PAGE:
• Advantages of intuitive Decision Making:
  1. Fast Decision-Making: This approach is much quicker than conventional decision-making methods that require comprehensive information and analysis. This speed is especially beneficial in high-stakes or time-sensitive situations where decisions must be made quickly.
  2. Adaptable to Complex Situations: Intuitive decision making can navigate complexities and uncertainties that analytical methods may struggle with, handling complexities that are difficult to quantify or verbalize.
  3. Relies on Experience: Those with a wealth of experience in a particular area are likely to make more accurate intuitive decisions, as their ‘gut feelings’ are attuned to the nuances of their field.
  • Disadvantages of intuitive Decision-Making:
  1. Potential for Bias: Intuitive decisions can be influenced by personal biases, emotions, or subconscious factors, leading to potentially subjective or inaccurate choices.
  2. Difficulty in Justification: Because intuitive decisions are often made quickly and with systematic analysis, it can be easier to justify such decisions.
  3. Inconsistency: Intuitive decisions can vary from person to person or from moment to moment, leading to inconsistencies.
  4. Lack of Development without Experience: For individuals without extensive experience in a particular field, intuitive decision-making can be hit-or-miss, potentially leading to poor decisions.

Balancing intuition with more rational and systematic methods of decision making can lead to a more holistic decision making strategy.

4. Creative Decision Making

Creative decision making is a process that helps individuals and groups explore different, innovative options and make decisions that are effective and unique. This approach is not about choosing from existing options but generating new and out-of-the-box alternatives. Creative decision making involves lateral or divergent thinking, moving away from traditional linear or logical approaches. The process encourages brainstorming, challenging assumptions, and looking at the problem from various perspectives.

  • Advantages of Creative Decision Making Approaches:
  1. Innovation: The creative approach fosters innovation by encouraging thinking beyond the established paradigms. It helps in finding unique solutions to problems.
  2. Encourages Exploration: This process promotes exploration and challenges existing norms and beliefs, leading to the evolution of new ideas.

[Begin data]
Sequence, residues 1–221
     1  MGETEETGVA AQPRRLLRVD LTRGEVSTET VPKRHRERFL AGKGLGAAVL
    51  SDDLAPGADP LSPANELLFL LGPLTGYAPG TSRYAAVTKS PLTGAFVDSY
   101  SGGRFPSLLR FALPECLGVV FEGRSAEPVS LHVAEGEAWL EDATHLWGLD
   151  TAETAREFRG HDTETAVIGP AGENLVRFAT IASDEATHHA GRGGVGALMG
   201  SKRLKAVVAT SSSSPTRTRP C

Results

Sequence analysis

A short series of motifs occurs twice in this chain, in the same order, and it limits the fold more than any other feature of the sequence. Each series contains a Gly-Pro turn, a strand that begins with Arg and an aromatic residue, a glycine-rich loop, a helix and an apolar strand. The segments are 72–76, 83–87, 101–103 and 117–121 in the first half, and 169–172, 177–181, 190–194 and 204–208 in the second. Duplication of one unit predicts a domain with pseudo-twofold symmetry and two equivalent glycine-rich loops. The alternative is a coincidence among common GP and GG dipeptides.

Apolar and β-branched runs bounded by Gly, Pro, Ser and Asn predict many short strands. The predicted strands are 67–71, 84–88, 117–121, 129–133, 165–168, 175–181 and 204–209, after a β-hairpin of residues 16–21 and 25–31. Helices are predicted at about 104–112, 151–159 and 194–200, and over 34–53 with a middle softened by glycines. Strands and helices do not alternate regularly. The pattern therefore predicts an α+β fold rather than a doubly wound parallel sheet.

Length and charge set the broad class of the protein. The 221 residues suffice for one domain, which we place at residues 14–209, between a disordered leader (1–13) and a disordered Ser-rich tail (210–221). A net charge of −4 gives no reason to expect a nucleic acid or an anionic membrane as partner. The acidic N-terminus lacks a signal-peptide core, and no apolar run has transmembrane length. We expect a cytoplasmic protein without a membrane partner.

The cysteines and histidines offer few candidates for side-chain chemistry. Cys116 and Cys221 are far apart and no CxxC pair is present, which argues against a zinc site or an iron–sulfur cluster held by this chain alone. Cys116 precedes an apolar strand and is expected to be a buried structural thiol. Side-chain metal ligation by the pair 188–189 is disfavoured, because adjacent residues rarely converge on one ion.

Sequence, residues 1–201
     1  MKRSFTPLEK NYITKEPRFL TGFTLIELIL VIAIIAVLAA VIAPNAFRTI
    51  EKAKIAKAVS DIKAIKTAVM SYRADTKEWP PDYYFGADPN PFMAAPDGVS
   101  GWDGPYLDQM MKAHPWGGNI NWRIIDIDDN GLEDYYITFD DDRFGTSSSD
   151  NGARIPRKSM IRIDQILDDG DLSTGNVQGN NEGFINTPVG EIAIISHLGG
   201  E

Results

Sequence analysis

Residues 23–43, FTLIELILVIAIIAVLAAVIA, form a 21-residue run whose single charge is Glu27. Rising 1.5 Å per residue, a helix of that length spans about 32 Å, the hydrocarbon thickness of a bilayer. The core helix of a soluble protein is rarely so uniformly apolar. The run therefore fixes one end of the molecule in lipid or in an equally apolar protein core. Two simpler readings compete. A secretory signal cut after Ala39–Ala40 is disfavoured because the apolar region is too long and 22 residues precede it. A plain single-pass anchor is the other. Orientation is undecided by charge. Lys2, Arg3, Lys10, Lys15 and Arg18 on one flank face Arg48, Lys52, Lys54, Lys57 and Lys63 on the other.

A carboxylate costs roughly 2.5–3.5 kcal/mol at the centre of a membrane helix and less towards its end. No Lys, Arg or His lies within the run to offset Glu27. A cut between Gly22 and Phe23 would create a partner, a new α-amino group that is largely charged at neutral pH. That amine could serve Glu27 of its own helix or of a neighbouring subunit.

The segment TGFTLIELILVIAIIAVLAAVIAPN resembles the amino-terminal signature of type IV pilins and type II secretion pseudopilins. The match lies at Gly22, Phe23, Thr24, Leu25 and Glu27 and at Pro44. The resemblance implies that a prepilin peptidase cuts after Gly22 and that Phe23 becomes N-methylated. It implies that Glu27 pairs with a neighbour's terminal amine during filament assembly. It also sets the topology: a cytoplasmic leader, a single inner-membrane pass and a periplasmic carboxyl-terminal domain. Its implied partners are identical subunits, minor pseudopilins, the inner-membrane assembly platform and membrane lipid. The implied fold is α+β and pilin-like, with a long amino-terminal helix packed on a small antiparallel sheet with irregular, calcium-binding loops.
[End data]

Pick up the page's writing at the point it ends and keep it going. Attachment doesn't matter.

3. Adaptability: Creative decision-making is particularly useful in complex and rapidly evolving environments where traditional strategies might not work.
  4. Competitive Advantage: Unique and innovative solutions can provide a significant competitive advantage in the business landscape.
  • Disadvantages of Creative Decision Making Approaches:
  1. Time-Consuming: Creative decision making can be a time-consuming process. Brainstorming and vetting creative solutions often require a significant amount of time.
  2. Risk of Failure: Innovative ideas come with a chance of failure. They may only sometimes be practically feasible or economically viable.
  3. Resistance to Change: Creative solutions often require change, and there can be resistance from employees or stakeholders who prefer established methods or fear the uncertain outcomes of a creative approach.
  4. Requires Open Mindset: Only some people are comfortable with creative thinking. Some people prefer structured and standard methods of decision making.

5. Ethical Decision Making Approach

Ethical decision making is like picking the right thing based on what’s fair and honest. When we make moral choices, we’re ensuring we don’t do anything wrong. It’s essential to look at all the options and choose the one that follows the rules and treats everyone well.

This approach uses values and principles like honesty, fairness, and respect to help us decide what’s right. It’s like having a guide that tells us to do the right thing, even when it’s hard.

  • Benefits of Ethical Decision Making Approaches:
  • Trust and Being Trusted: People trust us more when we make ethical choices. It’s like building a good reputation, and it shows that we’re reliable and honest.
  • Success for a Long Time: Making the right choices might not always give us quick rewards, but it helps us succeed and last in the long run.
  • Avoiding Problems: Ethical decisions can keep us out of trouble. They stop us from doing things that could get us in legal trouble or damage our reputation.
  • Happiness at Work: When we make decisions that feel right, it makes us happy at work. It also makes the workplace a better and happier place.
  • Helping Society: Ethical choices don’t just benefit us; they make society better, too. They can make things fairer and help protect the environment.

Related: Types of decision making

Conclusion

So, there you have it—five different decision making approaches in management. Each method offers its own way of tackling choices, whether it’s through rational analysis, practical satisficing, intuitive gut feelings, creative thinking, or ethical principles. Remember, no single approach is always the best; the key is knowing when to use each. Making decisions is like having a toolbox, and these approaches are the tools to help you make the right call in different situations. Happy decision making!